Pilots had to issue a mayday alert mid-air after an electrical fault known to the manufacturer caused the cockpit of a flight to fill with smoke, an investigation has found.
The easyJet plane had taken off from Edinburgh just 11 minutes prior, when smoke forced the pilots to put on their oxygen masks and call for help, on November 28 last year.
The aircraft had been carrying 177 passengers to Hamburg, Germany, and was forced to land in Newcastle.
A known fault
Manufacturer Airbus was aware of the fault and other incidents but had not issued a safety warning to carriers, according to a report by the Air Accidents Investigation Branch (AAIB).
Warnings about the issue are included as part of “information” provided to flight operators of the Airbus A320 but these are not highlighted as instructions by the manufacturer.
Low cost carrier easyJet says it does not routinely review information but does communicate “safety critical instructions” to its crews. It asserts that the defect should have been “classified as a safety issue” and marked as a high profile alert.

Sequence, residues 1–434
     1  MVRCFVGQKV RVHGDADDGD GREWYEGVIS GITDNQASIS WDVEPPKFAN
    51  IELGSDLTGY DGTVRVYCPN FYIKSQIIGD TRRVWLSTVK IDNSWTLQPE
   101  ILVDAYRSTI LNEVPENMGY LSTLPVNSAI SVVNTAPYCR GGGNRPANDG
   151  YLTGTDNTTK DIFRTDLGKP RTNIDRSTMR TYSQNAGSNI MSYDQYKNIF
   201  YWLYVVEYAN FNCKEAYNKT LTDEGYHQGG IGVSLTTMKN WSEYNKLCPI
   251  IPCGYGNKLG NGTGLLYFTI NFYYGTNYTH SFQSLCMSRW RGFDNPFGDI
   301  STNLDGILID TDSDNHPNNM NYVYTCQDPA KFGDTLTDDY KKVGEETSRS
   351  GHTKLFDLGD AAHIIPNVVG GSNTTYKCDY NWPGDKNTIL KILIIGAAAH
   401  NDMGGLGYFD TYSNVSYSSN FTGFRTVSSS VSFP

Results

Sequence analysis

An easyJet spokeswoman said: “Safety critical instructions communicated to easyJet via Airbus are always reviewed and acted upon at the time of publication.
“We raised this as a concern with Airbus following the diversion.”
According to the AAIB, 10 similar incidents had been reported that easyJet had been unaware of.
The AAIB inquiry has also revealed that another “large UK operator” does not regularly review Airbus’s “information” format.
“The safety of its passengers and crew is easyJet’s highest priority and easyJet operates its fleet of aircraft in compliance with all manufacturers’ guidelines,” the spokeswoman added.
Date Published: October 5, 2017
Author: Jonathan Brown